NEW YORK: Given that COVID-19 vaccines were granted authorisation for emergency use relatively recently, experts are still studying vaccinated people to see when protection might wear off.
How well the vaccines work against emerging variants of the coronavirus will also determine if, when and how often additional shots might be needed.
“We only have information for as long as the vaccines have been studied," said Deborah Fuller, a vaccine researcher at the University of Washington.
“We have to study the vaccinated population and start to see, at what point do people become vulnerable again to the virus?”
So far, Pfizer's ongoing trial indicates the company's two-dose vaccine remains highly effective for at least six months, and likely longer. Pfizer's chief executive Albert Bourla said on Apr 1 that people will "likely" need a third booster dose within 12 months and could need annual shots.
Initial data has also shown that vaccines from Moderna retain most of their effectiveness for at least six months, though for how much longer has not been determined. Immunity should last for at least a year, the company said in January.
Antibodies also don't tell the whole story. To fight off intruders like viruses, our immune systems also have another line of defense called B and T cells, some of which can hang around long after antibody levels dwindle. If they encounter the same virus in the future, those battle-tested cells could potentially spring into action more quickly.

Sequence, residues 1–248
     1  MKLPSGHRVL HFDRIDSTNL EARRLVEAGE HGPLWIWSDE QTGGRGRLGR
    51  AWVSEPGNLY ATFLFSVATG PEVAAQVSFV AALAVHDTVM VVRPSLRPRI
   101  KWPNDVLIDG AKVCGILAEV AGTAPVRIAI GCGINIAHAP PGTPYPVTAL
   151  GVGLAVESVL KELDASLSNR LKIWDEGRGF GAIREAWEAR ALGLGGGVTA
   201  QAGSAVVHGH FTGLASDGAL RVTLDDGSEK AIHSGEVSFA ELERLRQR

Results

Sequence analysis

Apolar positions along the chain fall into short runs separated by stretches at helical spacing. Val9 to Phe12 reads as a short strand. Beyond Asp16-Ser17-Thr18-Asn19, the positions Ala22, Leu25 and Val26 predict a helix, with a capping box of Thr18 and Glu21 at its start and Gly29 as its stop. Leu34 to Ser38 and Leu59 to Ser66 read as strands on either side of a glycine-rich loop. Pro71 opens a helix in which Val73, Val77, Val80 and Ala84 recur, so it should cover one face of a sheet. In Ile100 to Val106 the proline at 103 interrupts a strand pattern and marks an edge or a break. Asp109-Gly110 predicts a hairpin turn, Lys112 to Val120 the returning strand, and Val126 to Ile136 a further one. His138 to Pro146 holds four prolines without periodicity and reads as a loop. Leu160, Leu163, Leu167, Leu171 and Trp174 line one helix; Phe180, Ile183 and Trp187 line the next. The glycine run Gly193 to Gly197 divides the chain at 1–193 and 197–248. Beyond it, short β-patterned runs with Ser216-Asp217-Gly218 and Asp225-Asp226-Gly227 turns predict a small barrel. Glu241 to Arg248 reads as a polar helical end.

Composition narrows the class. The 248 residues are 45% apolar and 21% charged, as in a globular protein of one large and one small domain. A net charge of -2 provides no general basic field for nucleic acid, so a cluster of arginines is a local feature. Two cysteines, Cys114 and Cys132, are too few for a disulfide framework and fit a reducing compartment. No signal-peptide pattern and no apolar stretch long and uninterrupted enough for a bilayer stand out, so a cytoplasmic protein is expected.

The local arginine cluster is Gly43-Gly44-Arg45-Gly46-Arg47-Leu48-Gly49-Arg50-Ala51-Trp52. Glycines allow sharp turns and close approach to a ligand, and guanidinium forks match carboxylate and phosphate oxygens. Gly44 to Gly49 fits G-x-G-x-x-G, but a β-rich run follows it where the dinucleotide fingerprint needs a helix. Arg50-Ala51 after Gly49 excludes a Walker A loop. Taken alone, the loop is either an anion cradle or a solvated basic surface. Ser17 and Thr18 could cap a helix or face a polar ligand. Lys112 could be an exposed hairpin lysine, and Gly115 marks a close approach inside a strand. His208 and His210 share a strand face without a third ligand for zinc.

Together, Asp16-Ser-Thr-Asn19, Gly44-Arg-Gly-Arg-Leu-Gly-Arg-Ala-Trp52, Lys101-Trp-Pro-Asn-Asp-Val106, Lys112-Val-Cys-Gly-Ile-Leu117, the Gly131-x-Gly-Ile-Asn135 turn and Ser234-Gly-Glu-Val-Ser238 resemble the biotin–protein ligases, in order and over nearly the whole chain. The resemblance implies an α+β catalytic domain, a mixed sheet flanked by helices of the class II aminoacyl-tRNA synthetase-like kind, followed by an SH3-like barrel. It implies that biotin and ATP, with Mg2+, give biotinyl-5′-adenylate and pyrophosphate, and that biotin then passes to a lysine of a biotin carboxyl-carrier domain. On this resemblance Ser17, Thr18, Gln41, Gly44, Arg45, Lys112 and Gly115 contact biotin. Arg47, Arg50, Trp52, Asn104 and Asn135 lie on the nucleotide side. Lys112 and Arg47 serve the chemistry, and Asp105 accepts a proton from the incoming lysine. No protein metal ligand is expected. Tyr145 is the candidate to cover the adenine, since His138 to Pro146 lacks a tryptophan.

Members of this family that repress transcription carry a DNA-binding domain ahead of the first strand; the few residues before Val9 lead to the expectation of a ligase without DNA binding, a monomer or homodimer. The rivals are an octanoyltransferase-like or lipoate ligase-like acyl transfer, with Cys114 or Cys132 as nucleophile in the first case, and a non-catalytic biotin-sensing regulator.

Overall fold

Even if they do not prevent illness entirely, they could help blunt its severity. But exactly what role such “memory” cells might play with the coronavirus - and for how long - isn’t yet known.
While the current COVID-19 vaccines will likely last for at least about a year, they probably will not offer lifelong protection, as with measles shots, said Dr Kathleen Neuzil, a vaccine expert at the University of Maryland.
“It’s going to be somewhere in the middle of that very wide range,” she said.
Even if that protection lasts far longer than six months or a year, experts have said that rapidly spreading variants of the coronavirus and others that may emerge could lead to the need for regular booster shots similar to annual flu shots.
The current vaccines are designed to work against a particular spike protein on the coronavirus, said Mehul Suthar of the Emory Vaccine Center. If the virus mutates enough over time, vaccines might need to be updated to boost their effectiveness.
So far, the vaccines appear protective against the notable variants that have emerged, though somewhat less so on the one first detected in South Africa.
Singapore said on Thursday (Apr 22) that it may have to continue with “further rounds of vaccination even beyond this year to potentially deal with new strains of the virus.
It is also planning to give recovered migrant workers a single booster shot of the COVID-19 vaccine.
Earlier this month, the United States said it is preparing for the possibility that a booster shot will be needed between nine and 12 months after people are initially vaccinated against COVID-19.
If it turns out that people need another shot, a single dose could extend protection of the current shots or contain vaccination for one or more variants.
The need for follow-up shots will also depend partly on the success of the vaccination push globally, and tamping down transmission of the virus and emerging variants.